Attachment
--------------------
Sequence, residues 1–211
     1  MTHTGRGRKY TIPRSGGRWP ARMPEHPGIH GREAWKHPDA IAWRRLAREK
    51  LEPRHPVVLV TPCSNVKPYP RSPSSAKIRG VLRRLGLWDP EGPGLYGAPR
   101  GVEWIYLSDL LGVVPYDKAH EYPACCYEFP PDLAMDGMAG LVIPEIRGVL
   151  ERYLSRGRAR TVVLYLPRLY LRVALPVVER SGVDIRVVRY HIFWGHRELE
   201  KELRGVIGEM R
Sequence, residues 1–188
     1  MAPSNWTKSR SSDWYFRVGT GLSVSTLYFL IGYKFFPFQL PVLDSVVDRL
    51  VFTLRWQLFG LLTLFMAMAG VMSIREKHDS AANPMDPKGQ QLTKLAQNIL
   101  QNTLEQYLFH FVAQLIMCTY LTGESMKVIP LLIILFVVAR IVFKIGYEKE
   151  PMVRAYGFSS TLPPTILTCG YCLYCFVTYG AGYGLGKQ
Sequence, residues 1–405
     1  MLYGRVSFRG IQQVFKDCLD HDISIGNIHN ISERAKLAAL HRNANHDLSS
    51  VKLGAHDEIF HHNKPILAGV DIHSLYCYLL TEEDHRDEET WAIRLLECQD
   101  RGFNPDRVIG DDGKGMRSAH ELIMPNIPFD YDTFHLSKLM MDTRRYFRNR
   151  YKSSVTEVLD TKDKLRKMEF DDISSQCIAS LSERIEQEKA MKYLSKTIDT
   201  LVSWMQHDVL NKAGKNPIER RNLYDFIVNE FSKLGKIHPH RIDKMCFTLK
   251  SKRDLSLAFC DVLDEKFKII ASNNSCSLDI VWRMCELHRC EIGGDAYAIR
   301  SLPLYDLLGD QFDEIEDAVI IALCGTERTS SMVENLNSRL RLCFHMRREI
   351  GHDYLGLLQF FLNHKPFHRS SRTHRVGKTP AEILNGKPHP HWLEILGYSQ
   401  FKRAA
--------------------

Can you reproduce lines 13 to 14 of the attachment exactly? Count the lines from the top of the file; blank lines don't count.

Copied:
     1  MLYGRVSFRG IQQVFKDCLD HDISIGNIHN ISERAKLAAL HRNANHDLSS
    51  VKLGAHDEIF HHNKPILAGV DIHSLYCYLL TEEDHRDEET WAIRLLECQD